Archive for November, 2009

Visual Futures Launch

by Vicky Bullen

Last night we held our annual Visual Futures event at The Hospital club in Covent Garden.  Visual Futures is a Coley Porter Bell initiative that has been running for over four years.  It is a design ‘visual showcase’ supported by evidence and our observations, looking how what we are seeing in design today, reflects what’s going on in society.  And last night we launched our fifth Visual Futures ‘Bitesize’.

As our lives become increasingly busy and ever more complex we have seen companies and brands respond in a bitesize way cutting through, getting straight to the point and connecting with consumers in a quick and digestible way.  This example from VW is one of my personal favourites.

By simply crossing out the majority of words the ad is transformed in to a short, sweet and potent piece of communication, it’s great.  And I love the way the brand even edits itself in its sign off.

There are lots more great examples throughout the presentation, so for those of you that missed the out last night watch this space.  Over the next few days we are going to be uploading some of the best bits and if you would like us to come and present to you we’d be more than happy.

Ikea engage with consumers through Facebook

by Katie Monk

The invisible equity

by Adam Ellis

What is is that makes my 6 year old daughter love Kinder eggs?  Is it the amazing orange and white stand-out on shelf or maybe the promise of delicious chocolate?  Who are we kidding?  The real lure is the gift inside.  Just as important, and what makes a Kinder egg over a standard bar of chocolate, is the sense of theatre.  From the nostalgic unwrapping of the crinkly foil to the breaking of the chocolate shell, you continuously engage with the brand through so many layers.  By the time you’ve popped open the little yellow egg with eager anticipation of your ‘air fix kit’ style toy, you well and truly feel that your 45p was well spent.  Then there are the hours of ‘fun’ fiddling to put it together.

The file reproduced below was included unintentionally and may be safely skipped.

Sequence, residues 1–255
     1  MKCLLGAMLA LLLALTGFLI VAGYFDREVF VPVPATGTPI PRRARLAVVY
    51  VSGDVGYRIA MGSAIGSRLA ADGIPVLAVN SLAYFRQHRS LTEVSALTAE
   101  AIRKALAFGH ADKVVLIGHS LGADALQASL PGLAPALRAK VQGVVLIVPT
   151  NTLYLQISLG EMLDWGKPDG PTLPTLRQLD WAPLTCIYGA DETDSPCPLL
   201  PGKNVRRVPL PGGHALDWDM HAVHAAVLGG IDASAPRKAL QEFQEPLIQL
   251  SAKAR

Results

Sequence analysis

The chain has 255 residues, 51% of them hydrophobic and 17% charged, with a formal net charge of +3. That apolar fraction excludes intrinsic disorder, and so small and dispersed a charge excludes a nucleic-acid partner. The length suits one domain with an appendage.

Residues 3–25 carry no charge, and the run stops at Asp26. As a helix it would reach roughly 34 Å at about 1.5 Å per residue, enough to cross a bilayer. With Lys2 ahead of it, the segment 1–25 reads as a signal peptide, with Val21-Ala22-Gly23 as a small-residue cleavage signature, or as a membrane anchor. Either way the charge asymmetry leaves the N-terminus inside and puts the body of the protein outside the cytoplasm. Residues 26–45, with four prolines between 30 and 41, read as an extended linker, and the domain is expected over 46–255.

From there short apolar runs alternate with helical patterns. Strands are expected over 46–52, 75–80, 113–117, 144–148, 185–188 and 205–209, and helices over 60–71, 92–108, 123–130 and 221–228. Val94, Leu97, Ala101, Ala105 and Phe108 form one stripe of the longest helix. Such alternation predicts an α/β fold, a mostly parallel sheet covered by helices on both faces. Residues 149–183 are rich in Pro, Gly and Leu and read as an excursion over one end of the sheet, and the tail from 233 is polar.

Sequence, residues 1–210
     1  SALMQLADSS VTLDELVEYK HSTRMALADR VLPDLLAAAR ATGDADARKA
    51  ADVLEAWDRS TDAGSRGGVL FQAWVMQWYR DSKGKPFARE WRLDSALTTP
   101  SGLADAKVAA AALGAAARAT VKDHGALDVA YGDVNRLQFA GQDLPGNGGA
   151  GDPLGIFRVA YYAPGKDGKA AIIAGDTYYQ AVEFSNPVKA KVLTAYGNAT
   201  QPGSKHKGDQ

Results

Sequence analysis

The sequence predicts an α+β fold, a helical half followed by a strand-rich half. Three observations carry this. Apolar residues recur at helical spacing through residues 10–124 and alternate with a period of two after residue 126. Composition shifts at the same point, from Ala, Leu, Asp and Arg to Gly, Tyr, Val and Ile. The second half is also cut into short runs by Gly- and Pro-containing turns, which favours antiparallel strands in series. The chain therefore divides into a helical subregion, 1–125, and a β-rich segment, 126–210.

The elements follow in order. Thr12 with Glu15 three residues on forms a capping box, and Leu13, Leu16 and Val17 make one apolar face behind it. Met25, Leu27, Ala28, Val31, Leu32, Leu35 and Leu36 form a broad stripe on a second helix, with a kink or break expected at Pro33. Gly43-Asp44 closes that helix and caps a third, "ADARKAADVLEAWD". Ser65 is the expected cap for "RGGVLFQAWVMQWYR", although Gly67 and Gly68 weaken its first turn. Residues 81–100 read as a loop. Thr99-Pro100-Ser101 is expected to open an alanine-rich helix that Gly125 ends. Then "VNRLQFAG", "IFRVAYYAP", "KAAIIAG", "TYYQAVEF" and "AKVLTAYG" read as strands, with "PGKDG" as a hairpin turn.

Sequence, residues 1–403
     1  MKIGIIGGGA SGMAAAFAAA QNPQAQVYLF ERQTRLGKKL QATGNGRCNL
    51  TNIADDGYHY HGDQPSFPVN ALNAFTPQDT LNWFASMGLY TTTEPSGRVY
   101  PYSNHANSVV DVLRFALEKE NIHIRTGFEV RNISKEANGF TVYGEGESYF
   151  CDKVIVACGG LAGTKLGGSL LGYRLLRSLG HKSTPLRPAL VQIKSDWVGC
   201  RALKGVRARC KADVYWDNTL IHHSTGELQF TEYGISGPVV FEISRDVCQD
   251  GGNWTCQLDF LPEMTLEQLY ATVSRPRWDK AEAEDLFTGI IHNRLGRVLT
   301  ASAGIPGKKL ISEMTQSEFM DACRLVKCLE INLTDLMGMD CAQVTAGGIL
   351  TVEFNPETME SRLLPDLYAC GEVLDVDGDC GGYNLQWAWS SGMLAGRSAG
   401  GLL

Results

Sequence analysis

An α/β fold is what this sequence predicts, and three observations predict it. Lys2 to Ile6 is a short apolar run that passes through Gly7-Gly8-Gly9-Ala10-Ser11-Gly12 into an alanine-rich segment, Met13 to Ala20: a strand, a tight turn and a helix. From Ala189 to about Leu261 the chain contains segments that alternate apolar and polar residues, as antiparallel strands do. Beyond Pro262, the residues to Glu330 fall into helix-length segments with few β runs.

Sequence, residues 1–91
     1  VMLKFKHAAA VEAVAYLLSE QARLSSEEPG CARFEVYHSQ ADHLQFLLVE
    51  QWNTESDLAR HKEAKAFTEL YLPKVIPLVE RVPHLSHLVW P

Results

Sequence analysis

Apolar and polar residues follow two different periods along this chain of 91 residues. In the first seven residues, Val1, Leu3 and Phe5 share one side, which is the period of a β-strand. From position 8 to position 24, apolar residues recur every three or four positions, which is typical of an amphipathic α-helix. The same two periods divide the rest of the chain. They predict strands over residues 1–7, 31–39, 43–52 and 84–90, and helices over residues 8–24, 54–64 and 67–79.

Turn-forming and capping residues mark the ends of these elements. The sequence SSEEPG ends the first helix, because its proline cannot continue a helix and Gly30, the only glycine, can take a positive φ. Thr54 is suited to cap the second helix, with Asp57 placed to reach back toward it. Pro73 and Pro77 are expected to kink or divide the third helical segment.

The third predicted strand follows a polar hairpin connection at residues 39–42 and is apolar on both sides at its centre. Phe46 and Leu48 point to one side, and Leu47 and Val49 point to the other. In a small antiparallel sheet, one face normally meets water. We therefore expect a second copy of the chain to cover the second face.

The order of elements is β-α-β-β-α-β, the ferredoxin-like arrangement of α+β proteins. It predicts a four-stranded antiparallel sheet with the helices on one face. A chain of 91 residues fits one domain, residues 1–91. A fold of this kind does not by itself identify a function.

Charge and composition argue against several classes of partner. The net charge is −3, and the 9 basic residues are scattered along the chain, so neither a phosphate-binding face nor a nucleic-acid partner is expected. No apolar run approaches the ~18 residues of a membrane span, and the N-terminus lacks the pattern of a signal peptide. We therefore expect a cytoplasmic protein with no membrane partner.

This got me thinking that many of our favourite brands also secretly hold a valuable, almost hidden, invisible equity.  Admittedly many brands have been savvy enough to capitalise on brand theatre – Orangina’s shake to wake, Grolsch’s unleashing of their ceramic stopper to the heavy thud of a BMW door followed by a gentle fade of the vanity light.

But the area I find really fascinating is when, just simply through the passage of time, a brand can own a valuable equity they never intended to have.  Who doesn’t now pine for the foil on a Kit Kat bar or the little colourful embossed alphabet letters on the lid taken from a Smarties tube?  Interestingly to some brands these aren’t equities hence the move to replace the Smarties tube with a hexagonal box.  Yes I buy the argument that the new packaging is more environmentally aware but I can’t help but feel robbed of all the charm the brand has given me over the years (it took me about 5 years to collect the whole alphabet).

Sometimes it’s the oddities around the brand that make the brand.  Take Heinz Tomato Ketchup.  Sure you can put it in a neat clinical squeezy plastic bottle, but for loyalists, unless you thud the ‘diner’ style glass bottle, it just ain’t Heinz.  You can keep a jar of coffee uber fresh with a modern click vacuumed lid, but what you really want is to smash your tea spoon through that lovely gold foil on a jar of Gold Blend.

However, it’s not always negative that times change and brands move on.  One brand actually making this ‘invisible’ theatre the main crux of its latest advertising campaign is nestle cereal Shreddies.  Rather than the theatre just being tactile it’s observational too.  Watch the hilarious tongue in cheek market researchers get feedback on the taste difference of the new ‘diamond’ shape, which of course isn’t Shreddies turned 45 degrees – oh no, it’s new Diamond Shreddies!  The campaign is very clever as the theatre is running through the ‘new’ old brand.  In fact, the diamond shape and the ads have become a Youtube hero in their own right – you can even vote online for which shape you prefer.  Very design savvy – making the existing shape of the product become what’s new (and it must have saved a fortune in R&D).